In ‘Now, Today, Tomorrow and Always’, the first issue of Gonzo Cosmic, the new on-going independent title from Unthank and the mind of Garry Mac, a post-scarcity culture meets mad science and space pulp adventures in a landscape of non-Euclidian geometry and postmodern-time structures. Somewhere, at some time, Andel Novak is staring through a curiously vaginal gap in time, only to see himself on stage introducing his new FTL ship, the Formidable. But behind the scenes, security agent (possibly working for a higher agency- it’s unclear) Amanda Lewis is working to stop Ira Tappan, mad scientist in disguise, from stealing the ship. She fails, but what ensues is more than just an offshoot of Tappan’s plan gone wrong. To say more would spoil it, but suffice to say that by the end of the first issue, time travel, spacescapes, higher forms of life and extra dimensions have all been explored. And this is just the first issue!
Judging the content of the story is a little difficult, in part because this is so clearly a concept which lends itself to an on-going; Mac obviously has a plan about what to reveal and when, so for now our understanding is somewhat clouded. Instead I’m going to focus on a few things he does completely right. For one, the characters are well-introduced, particularly Novak and Lewis (I sense that these two are to be roughly the main characters, albeit of a larger cast). Andel Novak himself is an interesting soul, and for reasons that aren’t clear until the end of the comic, seems to be acting quite bizarre… Here’s a hint- it has to do with the Freudian alien space stuff going on at the start. But what is striking about Novak’s character is that he is as convincing a depiction of genius as I have seen. He’s devilishly smart, he’s charismatic and decisive, and he’s quick to adapt. In short, he has the best attributes of the pulp heroes he is clearly meant (in part) in homage to.
Lewis also offers ample opportunity for exploration during the arc of the comic, as several questions remain about her allegiances, motivations, and relationship with Novak and the rest of the Formidable’s crew. She doesn’t figure too heavily in the plot of the comic once the running-and-gunning is out of the way, but she is introduced second in the exciting opening pages, with a heavy emphasis on her action, so presumably she will feature in important ways later on.
Another enticing aspect of the comic is how Mac has so many ideas, he can just throw them away in a panel or two. This populates the universe of the comic with cool stuff which can be talked about later, a plus for both creators and fans alike! My particular favourite is ‘the Folly Wall’, a by-product of Tappan’s failed attempt at space travel. We’re not told exactly what it is or the story behind how it came to be; all we know is that many people died in an incident which involved it, and that it is a disc of ‘rotting metal and flesh’. Yikes. This sort of quality is also true in the design of the comic, which is particularly imaginative, especially in the other-dimensional Oscillatum. The aliens here are truly mind-boggling, and are effectively realised not only through Mac’s design but also through the decision to give each one their own distinctive lettering and speech bubble style (props to Colin Bell for the work on lettering here).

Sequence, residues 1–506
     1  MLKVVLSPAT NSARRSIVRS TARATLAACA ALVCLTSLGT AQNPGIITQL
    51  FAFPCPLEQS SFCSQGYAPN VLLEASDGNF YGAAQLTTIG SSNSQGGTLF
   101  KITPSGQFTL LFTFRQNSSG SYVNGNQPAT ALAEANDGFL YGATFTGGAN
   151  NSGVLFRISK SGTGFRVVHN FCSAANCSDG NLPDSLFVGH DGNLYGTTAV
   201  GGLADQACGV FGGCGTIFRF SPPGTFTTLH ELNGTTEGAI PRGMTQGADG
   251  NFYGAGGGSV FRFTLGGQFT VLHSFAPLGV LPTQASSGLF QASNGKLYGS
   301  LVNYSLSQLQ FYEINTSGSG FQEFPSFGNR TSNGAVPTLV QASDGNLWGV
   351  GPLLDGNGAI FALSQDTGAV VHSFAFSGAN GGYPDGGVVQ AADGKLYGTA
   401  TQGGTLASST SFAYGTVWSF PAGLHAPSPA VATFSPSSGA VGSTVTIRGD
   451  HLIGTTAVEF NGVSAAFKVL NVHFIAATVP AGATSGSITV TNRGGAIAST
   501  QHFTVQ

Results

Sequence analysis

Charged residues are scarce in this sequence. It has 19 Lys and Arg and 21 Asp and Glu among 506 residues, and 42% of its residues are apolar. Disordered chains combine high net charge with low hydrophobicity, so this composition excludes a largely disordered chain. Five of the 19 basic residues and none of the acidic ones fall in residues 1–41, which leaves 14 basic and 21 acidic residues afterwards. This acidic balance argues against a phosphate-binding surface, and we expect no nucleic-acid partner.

The design, and the art style in general, is clearly influenced by ‘widescreen comics’ like The Authority by Warren Ellis, and the character art style of Frank Quitely (in particular All-Star Superman). Gonzo Cosmic also shares some thematic similarities with these books, in that it seems similarly interested in post-scarcity worlds, super-science, multi-dimensional shenanigans, and sociopolitical commentary. This similarity is by no means a claim that Gonzo Cosmic is derivative; far from it, the comparison shows Gonzo Cosmic in a favourable light, as one of a school of comics which deal with grand themes in a pulpy, interesting way. In one or two places in his first issue, Mac depicts characters a little off-model; this is often in panels that deviate significantly from a heads-on perspective, as is the norm with widescreen comics. To be honest, if I have to choose between having constantly on-model characters with boring framing, and off-model characters with interesting framing, I’ll choose the latter every time. What’s important is that the panel choice helps tell the story, and here, it’s also damned clever: it really is very cinematic, using cross-cuts of conversation, ‘jump cuts’ of action in static frames to depict change, and well-judged splash pages to really show off the scenery. The character design is very strong, so the off-model moments are never disorientating, and I suspect this is something which will clear up over time as Mac becomes more familiar with depicting the characters. It’s a fairly common teething problem as I see it, and with panel choice and design as strong as this, something which should definitely be overlooked.
Gonzo Cosmic accomplished a lot with its first issue, and certainly points the way toward an incredibly interesting run. So if you’re looking for a pulpy space adventure with cerebral undertones, pick up a copy here! If you’ve read the comic and agree, or want to know where to get hold of it, comment below or hit us up on Twitter @AP2HYC.